Even as countries around the world are scrambling to mitigate the effects of the latest economic downturn, it’s business as usual in the Republic of Azerbaijan.
“Azerbaijan’s economy demonstrates fairly good macroeconomic indicators against the background of the next global financial crisis, and continues to develop rapidly,” Vahid Ahmadov, a member of the parliamentary commission on economic policy, was quoted by the daily newspaper AzerNews as saying late last month. “Economic growth increased by more than 5 per cent in the first half of 2015.
“Currently, Azerbaijan is several times ahead of the average growth rate of the CIS countries. Such rapid development is observed despite the sharp decline in oil prices in the world market.”
Oil’s not everything
His statement comes despite concern that falling black gold prices will negatively affect the oil-rich country following the central bank’s devaluation of the manat by 33 per cent this year. In June, Moody’s changed its outlook for Azerbaijan’s banking system from stable to negative, noting, “The slump in oil prices has put downward pressure on Azerbaijan’s economy, given that the hydrocarbon sector accounted for close to 37 per cent of nominal GDP at the year-end 2014.”
Moody’s forecasts that Azerbaijan’s GDP growth will slow to 1 per cent in 2015, based on an assumption of oil prices averaging $55 (Dh202) per barrel this year, and that growth will only recover to 1.7 per cent in 2016.
But officials are confident there’s no cause for concern. According to the State Statistics Committee, GDP showed increased growth of 5.6 per cent between January and July over the same period last year. It points toward the non-oil sector of the economy increasing by 9 per cent to account for 68 per cent of GDP, and 37.3 per cent of the gross output stemming from the services sector.
“Azerbaijan is wonderful compared to other countries,” Parviz Ismailzada, Consul-General of Azerbaijan in Dubai, tells GN Focus. “We have a stable supply of food and petrol; we produce enough through agriculture.”
He says the manat had been stronger than the dollar for more than 10 years before it was devalued, and now is only slightly weaker. Ismailzada believes the country will weather the current crisis as successfully as it did the 2008 downturn. “Economies everywhere are badly affected. Ours is still stable. We’re doing better than most.”
This is good news, as trade between the UAE and Azerbaijan continues to grow. While recent figures for the whole UAE aren’t available, a Dubai Chamber of Commerce and Industry report states Dubai’s non-oil trade with Azerbaijan increased from Dh1.6 billion in 2011 to Dh1.8 billion last year, registering growth of 12.5 per cent. This makes Azerbaijan the emirate’s 75th-biggest trade partner.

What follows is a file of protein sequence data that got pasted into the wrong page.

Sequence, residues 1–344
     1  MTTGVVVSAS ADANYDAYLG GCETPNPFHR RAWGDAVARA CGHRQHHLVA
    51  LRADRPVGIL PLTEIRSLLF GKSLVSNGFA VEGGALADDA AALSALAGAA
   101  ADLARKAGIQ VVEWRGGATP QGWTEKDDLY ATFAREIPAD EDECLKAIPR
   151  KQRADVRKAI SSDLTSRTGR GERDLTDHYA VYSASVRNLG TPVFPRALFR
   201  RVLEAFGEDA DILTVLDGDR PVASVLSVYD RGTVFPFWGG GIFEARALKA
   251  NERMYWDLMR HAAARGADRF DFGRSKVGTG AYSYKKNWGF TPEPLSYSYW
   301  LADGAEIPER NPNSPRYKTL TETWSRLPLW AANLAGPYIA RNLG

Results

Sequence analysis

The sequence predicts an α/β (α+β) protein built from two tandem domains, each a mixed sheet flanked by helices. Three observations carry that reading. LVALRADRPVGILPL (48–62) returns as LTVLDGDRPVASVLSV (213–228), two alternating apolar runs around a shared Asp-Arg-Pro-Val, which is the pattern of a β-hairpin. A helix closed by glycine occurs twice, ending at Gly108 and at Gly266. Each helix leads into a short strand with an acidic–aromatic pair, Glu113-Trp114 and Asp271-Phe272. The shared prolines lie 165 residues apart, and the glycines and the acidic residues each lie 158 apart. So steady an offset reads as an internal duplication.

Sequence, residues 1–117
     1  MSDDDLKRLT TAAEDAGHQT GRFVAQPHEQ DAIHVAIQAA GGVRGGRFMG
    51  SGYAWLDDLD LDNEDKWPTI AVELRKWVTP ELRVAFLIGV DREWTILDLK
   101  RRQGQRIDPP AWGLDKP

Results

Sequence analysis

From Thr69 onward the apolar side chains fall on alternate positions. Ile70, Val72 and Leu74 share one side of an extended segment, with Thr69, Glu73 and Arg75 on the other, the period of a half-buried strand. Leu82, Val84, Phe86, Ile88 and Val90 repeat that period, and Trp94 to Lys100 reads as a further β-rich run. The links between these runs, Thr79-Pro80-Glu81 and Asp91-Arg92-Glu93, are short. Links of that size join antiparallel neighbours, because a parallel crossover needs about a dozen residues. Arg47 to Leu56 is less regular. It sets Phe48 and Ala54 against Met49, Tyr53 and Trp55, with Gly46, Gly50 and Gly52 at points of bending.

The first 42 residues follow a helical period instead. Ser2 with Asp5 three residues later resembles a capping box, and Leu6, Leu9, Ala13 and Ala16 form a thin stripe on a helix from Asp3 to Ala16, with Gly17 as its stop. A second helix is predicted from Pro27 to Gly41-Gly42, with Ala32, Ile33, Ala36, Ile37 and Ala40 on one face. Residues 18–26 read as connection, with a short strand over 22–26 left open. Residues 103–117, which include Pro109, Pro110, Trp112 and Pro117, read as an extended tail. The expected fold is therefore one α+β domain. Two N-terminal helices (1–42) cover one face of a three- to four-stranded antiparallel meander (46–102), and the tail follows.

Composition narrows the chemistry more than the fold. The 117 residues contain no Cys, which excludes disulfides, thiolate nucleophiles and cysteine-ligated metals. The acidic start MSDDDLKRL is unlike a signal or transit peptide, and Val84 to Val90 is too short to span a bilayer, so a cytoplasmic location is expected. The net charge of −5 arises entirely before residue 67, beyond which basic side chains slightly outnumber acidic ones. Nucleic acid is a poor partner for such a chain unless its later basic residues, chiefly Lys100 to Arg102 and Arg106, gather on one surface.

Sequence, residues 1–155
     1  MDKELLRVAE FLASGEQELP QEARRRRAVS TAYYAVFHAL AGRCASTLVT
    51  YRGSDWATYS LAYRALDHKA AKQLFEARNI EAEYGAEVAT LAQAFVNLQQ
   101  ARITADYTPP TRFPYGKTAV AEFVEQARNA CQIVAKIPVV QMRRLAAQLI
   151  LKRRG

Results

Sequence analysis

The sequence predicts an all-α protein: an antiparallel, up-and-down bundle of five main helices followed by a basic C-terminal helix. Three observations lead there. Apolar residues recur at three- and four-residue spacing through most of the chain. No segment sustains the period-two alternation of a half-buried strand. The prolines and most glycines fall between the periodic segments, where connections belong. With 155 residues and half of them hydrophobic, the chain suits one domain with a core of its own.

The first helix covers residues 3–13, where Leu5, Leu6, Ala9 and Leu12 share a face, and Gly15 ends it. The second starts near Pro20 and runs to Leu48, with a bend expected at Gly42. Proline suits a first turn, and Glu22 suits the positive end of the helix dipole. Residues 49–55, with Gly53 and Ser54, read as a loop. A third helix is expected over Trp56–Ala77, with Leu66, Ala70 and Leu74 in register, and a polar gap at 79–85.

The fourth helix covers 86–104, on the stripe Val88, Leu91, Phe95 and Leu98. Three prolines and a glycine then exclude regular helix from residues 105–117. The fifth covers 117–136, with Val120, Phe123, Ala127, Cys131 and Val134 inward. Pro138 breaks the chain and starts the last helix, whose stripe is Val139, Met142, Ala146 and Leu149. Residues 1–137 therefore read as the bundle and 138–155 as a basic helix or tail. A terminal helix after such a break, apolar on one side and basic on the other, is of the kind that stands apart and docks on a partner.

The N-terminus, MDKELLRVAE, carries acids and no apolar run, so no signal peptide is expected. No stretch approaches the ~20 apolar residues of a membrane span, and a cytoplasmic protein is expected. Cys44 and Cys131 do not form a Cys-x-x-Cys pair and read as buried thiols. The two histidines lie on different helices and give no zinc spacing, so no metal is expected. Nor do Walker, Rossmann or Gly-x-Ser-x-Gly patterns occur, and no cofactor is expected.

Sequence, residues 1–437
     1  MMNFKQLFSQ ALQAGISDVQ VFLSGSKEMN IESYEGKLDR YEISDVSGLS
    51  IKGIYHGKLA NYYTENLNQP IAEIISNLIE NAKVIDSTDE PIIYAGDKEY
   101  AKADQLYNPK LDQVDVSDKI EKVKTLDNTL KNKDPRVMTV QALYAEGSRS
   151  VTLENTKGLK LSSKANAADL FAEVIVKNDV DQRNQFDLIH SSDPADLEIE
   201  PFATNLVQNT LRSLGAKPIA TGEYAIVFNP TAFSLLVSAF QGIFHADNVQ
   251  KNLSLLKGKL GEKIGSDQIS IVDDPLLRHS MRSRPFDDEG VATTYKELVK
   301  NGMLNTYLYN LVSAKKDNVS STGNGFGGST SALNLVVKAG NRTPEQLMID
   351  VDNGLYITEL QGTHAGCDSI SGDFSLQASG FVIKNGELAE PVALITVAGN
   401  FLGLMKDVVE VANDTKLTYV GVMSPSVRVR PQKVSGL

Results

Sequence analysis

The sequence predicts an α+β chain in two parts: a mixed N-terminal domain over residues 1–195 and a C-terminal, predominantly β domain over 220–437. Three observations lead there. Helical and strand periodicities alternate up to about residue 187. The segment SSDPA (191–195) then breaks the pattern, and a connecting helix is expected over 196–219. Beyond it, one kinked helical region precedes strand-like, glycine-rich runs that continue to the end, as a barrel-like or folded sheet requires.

Dubai Chamber also opened its first overseas office in Baku in 2012. “Since opening, the Azerbaijan office has supported Dubai businesses to reach out to the Azerbaijan market and beyond to the Caucasus, while also attracting the country’s investors to potential areas of investments in Dubai,” news agency WAM quotes Dubai Chamber President and CEO Hamad Mubarak Bu Amim as saying.
Ismailzada says there were 262 companies headed by Azerbaijanis registered in Dubai by the end of 2014, an increase of 49 per cent from 176 in 2012. According to consulate data, Azerbaijan’s main industries include petroleum and petroleum products, natural gas, oilfield equipment, steel, iron ore, cement, chemicals and petrochemicals, as well as textiles. The country’s biggest exports to the UAE are meat and meat products, milk, vegetables, fruit, tea, sweets and carpets. Azerbaijan imports cosmetics, apparel, electrical equipment, TVs, mobile phones, car equipment, computers and cameras from the UAE.
The UAE recognised Azerbaijan’s independence on December 26, 1991, and diplomatic relations between the countries were established the year after. The UAE Embassy in Baku opened in 2011.
President Ilham Aliyev first visited the UAE in 2006, and met with His Highness Shaikh Khalifa Bin Zayed Al Nahyan, President of the UAE, Supreme Commander of the UAE Armed Forces and Ruler of Abu Dhabi, among others. His Highness Shaikh Mohammad Bin Rashid Al Maktoum, Vice-President and Prime Minister of the UAE and Ruler of Dubai, attended the signing of two agreements with Aliyev in Baku in March — one on cooperation and exchange of information between the UAE’s Securities and Commodities Authority and Azerbaijan’s State Committee for Securities, and the other on cooperation in emergencies. WAM reports that Shaikh Mohammad and Aliyev expressed hope that the agreements will lead to wider cooperation in various fields to benefit both countries and their people.
Azerbaijan continues to profit from being in the global spotlight, drawing tourists through events such as June’s European Games, the opening ceremony of which — estimated to have cost nearly $100 million — featured Lady Gaga performing John Lennon’s Imagine.
The country’s tourism sector is forecast to grow at 7.5 per cent a year to 2022. “In 2010, we issued 1,600-1,700 tourist visas,” says Ismailzada. “Now it’s more than 4,000 per year and it increases annually. Azerbaijan has something to offer every tourist.”
Ismailzada says the UAE is currently home to about 7,500 Azeri nationals, up from about 3,500 in 2010. They’re active in all sectors, but most have business interests. He says Adnoc employs about 70, while Emirates Airline has 100 Azerbaijani cabin crew in addition to a host teaching at its Aviation College.
The community gets together often, and usually commemorate the massacre during the Soviet raid of Baku as Black January on January 20 and the Victims of the Khojaly Massacre on February 26. They celebrate independence from Soviet rule on May 28 and Solidarity Day with Azeri expats around the world on December 31.